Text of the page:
Discovery Of Gene In Barley Shows History Of Water-To-Land Plants

By Translation by Yadin Katz August 08, 2011 Comments

A genetic mutation in wild barley growing in the Judean Desert – discovered by an international team from Haifa University in Israel – has shown how the transition of aquatic to land plants created life on the terra firma as we know it today.

The work by Guoxiong Chen, a Chinese doctoral student working under the supervision of Prof. Eviatar Nevo of Haifa University’s Institute of Evolution in 2000, made the chance discovery.

The doctoral student’s finding of the genetic mutation led to an international study, of which Nevo is a member, deciphering evolution of life on land.

After some eight years of research, the team discovered a new gene that contributes to the production of cutin, which is found in all land plants but is either nonexistent or present in tiny amounts in aquatic plants. Chen called this new gene Eibi1, in honor of his supervisor, Nevo, who is nicknamed Eibi.

“This is one of the genes that contributed to the actual eventuality of life on land as we know it today. It is a key element in the adaptation process that aquatic plants underwent in order to live on land,” Nevo said.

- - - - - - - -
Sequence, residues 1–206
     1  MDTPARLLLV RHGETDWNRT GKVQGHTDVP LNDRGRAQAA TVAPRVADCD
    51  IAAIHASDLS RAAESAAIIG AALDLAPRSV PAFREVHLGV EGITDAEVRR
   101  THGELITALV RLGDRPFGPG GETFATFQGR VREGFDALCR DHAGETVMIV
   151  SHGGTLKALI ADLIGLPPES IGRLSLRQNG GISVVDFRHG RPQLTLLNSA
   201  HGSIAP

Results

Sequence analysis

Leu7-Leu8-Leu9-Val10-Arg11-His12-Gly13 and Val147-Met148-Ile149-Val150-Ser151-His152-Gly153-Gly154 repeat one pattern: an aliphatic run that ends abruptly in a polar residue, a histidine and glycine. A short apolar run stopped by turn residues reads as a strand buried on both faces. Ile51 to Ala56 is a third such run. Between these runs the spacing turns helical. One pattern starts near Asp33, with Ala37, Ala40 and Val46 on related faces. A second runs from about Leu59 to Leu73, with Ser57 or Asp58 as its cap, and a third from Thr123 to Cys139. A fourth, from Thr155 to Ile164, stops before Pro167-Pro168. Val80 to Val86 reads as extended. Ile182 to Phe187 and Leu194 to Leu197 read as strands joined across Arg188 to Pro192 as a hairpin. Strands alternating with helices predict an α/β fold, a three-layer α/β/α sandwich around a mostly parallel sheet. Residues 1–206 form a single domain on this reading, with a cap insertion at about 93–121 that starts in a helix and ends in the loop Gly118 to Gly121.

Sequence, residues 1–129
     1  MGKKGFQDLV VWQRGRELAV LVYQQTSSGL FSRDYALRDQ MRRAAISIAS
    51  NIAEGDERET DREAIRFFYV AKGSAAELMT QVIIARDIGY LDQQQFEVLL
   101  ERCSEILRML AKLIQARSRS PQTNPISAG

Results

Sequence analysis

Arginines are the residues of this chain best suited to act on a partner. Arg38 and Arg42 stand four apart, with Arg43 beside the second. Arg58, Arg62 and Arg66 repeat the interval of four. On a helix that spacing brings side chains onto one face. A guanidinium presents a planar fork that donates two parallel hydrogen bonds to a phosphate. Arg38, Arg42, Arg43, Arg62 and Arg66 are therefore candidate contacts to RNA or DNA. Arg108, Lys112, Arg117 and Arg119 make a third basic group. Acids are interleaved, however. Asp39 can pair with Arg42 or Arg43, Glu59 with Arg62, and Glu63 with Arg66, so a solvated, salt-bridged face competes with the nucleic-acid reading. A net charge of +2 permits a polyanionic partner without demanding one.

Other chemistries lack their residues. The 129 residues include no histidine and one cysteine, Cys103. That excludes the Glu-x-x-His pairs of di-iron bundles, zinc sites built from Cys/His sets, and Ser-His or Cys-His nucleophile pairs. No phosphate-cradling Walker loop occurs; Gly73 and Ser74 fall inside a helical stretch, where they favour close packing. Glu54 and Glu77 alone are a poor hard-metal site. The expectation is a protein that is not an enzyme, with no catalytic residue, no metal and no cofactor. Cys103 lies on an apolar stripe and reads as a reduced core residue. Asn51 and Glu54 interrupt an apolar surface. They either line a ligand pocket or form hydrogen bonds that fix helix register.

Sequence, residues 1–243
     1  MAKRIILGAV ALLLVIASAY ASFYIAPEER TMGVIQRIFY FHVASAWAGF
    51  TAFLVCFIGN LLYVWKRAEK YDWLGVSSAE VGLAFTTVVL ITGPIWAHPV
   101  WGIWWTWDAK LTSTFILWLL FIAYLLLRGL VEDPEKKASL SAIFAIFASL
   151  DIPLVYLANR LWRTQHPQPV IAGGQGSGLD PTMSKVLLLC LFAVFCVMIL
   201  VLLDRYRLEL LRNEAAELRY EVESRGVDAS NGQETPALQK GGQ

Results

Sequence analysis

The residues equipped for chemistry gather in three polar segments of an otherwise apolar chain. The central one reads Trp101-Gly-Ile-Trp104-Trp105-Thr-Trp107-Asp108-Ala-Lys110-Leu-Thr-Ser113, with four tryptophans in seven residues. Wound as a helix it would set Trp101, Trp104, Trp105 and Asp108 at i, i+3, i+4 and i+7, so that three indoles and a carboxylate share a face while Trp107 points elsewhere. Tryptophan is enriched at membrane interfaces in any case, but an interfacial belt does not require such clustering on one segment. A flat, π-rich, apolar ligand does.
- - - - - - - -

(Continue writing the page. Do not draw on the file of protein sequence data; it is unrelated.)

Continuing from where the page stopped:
Chen found a mutation of wild barley that was significantly smaller than regular wild barley. It was found that this mutation causes an abnormal increase in water loss because of a disruption in the production of the plant’s cutin, which is secreted from the epidermal cells and is a component in the plant’s cuticle; this reduces water loss and prevents the plant from dehydrating.

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Photo by crabchick

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